There’s never a stone at the sleeper’s head,There’s never a fence beside,And the wandering stock on the grave may treadUnnoticed and undenied;But the smallest child on the WatershedCan tell you how Gilbert died. For he rode at dusk with his … Continue reading Spotlight: How Gilbert Died by A. B. “Banjo” Paterson
Bell’s Life in Sydney and Sporting Chronicle (NSW : 1860 – 1870), Saturday 15 April 1865, page 2 THE LATE SIR FREDERICK POTTINGER, BART. In the prime of life—but 34 years of age—and in the midst of a career of usefulness, has died Sir Frederick Pottinger, as genial hearted, affectionate, and charitable a man as ever lived. Sir Frederick on his way from Forbes to Sydney about a month ago, unfortunately was severely wounded by the accidental discharge of his revolver at Wascoe’s “Pilgrim Inn,” Lapstone Hill, on the far-famed and wild Blue Mountains. When able to be removed, he … Continue reading Spotlight: THE LATE SIR FREDERICK POTTINGER
Age (Melbourne, Vic. : 1854 – 1954), Thursday 13 April 1865, page 6 THE CAPTURE AND DEATH OF MORGAN. We take the following detailed account of the termination of the career of this ruffian from the Ovens and Murray Advertiser, of 11th April : — Daniel Morgan, who for two years has been the terror of the neighboring colony of Now South Wales, from the frequency and malignity of his bloody outrages, made his first attempt at robbery in Victoria at Mackinnon’s station, on the Little River, on Wednesday, the 5th inst., and lay dead, shot through the body by … Continue reading Spotlight: THE CAPTURE AND DEATH OF MORGAN.
Queensland Times, Ipswich Herald and General Advertiser (Qld. : 1861 – 1908), Tuesday 3 November 1868, page 6 Death of Dunleavy, the Bushranger. — The City Coroner held an inquest at the Darlinghurst Gaol, yesterday, repecting the death of … Continue reading Spotlight: Death of Dunleavy the Bushranger
As with most bushrangers who transcend history to become enshrined in folklore, Jack Donahoe (aka Donohoe, Donahue) made the leap from brigand to legend in his final stoush with the forces of law and order. His recklessness in the face of death seemed to strike a chord with Australians of a certain class.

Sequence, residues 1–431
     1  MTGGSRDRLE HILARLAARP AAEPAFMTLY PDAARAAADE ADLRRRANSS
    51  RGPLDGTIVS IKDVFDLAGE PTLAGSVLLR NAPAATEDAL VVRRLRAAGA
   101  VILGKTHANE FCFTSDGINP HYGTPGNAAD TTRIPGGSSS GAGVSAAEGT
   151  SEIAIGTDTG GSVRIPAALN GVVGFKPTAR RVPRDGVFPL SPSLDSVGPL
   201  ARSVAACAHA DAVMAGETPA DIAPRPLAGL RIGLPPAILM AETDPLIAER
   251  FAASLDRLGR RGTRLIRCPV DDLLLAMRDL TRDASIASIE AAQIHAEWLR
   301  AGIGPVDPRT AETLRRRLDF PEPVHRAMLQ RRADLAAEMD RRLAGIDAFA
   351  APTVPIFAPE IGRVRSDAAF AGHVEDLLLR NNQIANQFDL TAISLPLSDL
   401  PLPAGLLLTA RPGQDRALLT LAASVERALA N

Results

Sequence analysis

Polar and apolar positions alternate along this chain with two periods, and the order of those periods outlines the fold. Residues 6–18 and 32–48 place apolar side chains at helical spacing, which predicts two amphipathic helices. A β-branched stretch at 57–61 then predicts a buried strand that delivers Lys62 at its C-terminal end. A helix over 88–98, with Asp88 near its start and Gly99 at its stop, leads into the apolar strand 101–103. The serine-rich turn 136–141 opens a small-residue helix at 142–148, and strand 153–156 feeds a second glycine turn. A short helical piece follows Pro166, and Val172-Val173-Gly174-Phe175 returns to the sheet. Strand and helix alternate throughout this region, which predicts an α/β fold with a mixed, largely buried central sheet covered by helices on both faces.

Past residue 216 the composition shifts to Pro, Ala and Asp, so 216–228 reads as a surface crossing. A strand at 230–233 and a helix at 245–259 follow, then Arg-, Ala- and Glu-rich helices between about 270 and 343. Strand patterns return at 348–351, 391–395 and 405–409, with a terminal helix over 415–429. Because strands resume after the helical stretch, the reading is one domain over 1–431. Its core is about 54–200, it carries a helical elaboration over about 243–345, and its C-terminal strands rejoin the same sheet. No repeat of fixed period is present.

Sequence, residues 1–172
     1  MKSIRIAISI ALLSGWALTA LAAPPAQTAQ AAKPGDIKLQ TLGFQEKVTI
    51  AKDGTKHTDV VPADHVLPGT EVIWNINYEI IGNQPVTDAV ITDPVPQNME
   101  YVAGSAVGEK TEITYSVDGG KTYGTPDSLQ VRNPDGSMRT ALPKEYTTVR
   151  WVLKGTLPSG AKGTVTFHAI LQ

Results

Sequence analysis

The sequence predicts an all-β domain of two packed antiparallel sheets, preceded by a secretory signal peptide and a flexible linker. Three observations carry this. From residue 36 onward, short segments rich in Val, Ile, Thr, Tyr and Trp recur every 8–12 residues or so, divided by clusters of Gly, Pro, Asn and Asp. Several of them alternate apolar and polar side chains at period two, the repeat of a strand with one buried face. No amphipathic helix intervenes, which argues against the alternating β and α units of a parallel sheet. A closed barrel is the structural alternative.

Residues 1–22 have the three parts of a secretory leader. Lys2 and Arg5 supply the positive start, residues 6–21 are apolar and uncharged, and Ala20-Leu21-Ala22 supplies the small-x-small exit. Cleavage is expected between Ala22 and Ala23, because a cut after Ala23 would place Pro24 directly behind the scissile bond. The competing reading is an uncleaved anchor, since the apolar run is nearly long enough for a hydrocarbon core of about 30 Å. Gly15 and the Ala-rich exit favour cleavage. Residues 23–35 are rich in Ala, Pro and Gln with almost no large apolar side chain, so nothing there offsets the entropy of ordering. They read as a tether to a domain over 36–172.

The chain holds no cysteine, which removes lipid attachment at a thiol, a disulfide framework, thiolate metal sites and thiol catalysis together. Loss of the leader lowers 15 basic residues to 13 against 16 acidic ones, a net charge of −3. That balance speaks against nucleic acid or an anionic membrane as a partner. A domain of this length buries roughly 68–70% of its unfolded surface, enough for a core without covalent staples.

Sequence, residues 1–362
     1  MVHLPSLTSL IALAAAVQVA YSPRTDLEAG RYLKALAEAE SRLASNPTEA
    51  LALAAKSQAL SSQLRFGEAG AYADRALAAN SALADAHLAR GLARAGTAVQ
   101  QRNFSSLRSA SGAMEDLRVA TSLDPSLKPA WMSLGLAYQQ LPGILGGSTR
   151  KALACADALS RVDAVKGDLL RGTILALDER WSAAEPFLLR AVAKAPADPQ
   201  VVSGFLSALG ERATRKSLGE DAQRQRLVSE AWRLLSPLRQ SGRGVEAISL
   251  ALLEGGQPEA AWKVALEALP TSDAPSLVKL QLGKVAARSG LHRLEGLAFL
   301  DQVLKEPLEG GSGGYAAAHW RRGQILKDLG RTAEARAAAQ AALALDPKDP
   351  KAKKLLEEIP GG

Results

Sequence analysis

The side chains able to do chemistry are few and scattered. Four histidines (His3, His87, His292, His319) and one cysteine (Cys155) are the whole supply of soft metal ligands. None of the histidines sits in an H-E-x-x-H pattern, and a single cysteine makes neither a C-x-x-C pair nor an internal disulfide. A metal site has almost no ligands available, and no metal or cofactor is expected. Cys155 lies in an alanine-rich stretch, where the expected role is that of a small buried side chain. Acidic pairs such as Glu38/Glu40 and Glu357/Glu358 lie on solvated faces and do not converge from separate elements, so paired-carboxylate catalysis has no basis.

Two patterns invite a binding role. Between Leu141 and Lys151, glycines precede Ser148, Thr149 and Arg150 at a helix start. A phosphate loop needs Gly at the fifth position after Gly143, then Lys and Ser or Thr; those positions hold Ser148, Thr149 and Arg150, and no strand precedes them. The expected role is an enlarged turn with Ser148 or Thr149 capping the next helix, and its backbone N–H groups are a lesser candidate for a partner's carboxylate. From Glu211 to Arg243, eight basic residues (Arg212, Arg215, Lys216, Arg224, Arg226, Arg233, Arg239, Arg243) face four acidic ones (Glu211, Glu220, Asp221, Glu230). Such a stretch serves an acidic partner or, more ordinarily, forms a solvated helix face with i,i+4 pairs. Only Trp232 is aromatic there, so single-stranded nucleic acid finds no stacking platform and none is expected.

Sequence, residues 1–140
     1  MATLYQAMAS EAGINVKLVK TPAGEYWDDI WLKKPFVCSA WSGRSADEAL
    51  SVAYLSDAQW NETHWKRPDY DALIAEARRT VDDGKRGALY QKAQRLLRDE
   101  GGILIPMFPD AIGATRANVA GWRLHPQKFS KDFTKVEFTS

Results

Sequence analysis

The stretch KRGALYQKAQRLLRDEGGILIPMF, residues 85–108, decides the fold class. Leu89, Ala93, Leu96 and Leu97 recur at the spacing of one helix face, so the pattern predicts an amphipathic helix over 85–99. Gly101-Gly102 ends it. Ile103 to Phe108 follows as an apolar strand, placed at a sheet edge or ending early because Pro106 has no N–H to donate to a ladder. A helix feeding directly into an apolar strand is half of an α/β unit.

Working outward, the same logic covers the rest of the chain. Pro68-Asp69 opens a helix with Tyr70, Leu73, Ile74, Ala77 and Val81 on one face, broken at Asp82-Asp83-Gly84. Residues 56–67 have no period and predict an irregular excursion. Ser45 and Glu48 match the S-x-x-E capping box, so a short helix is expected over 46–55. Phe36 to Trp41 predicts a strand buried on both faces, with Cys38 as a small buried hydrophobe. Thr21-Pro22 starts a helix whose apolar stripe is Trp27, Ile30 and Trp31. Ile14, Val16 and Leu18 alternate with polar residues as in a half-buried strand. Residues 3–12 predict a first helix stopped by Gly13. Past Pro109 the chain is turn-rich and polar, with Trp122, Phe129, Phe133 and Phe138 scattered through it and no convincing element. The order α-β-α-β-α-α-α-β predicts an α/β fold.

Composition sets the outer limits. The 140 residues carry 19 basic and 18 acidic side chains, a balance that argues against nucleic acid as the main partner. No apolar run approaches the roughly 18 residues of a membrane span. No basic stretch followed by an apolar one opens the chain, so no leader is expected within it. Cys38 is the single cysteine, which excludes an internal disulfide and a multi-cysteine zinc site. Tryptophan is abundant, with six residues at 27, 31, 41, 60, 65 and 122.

This year marks 190 years since Donahoe’s death, so it seems appropriate to recount the final battle that sealed his place in history. Continue reading The Battle of Bringelly
In November 1863 the Gilbert-Hall gang were at the apex of their infamy. Raids on Canowindra and Bathurst had elevated them beyond the run-of-the-mill farm raiders, stock thieves and highwaymen that the pantheon of bushrangers mostly comprised of. Things had … Continue reading The Battle of Goimbla
Captain Thunderbolt had established himself as one of the most elusive bushrangers of the 1860s. With a formidable string of robberies to his name, it almost seemed like he would be at large forever, but in May 1870 Thunderbolt’s career came to an end in spectacular fashion at Kentucky Creek. This is the story of that fateful day. Continue reading Thunderbolt’s Last Ride
What follows is a report on the inquest conducted into the deaths of the bushrangers James Nesbitt and Gus Wernicke along with a brief account of the condition of Constable Webb-Bowen following his wounding at McGlede’s farm. While some details, … Continue reading Spotlight: Inquest on the Bodies of Nesbitt and Wernicke
Since 1861 Johnny Gilbert had made a name for himself as one of Australia’s most notorious and prolific bushrangers. Beginning his career as one of Frank Gardiner’s lackeys, Gilbert inherited the position of public enemy number one when the self-proclaimed … Continue reading The Death of Happy Jack
The following is aimed at mature readers. We continue our two part feature on the mysterious deaths of Dan Kelly and Steve Hart with an overview of the folklore and conspiracy theories about the pair surviving the fire as well … Continue reading The Mystery of Dan Kelly’s and Steve Hart’s Demise – Part Two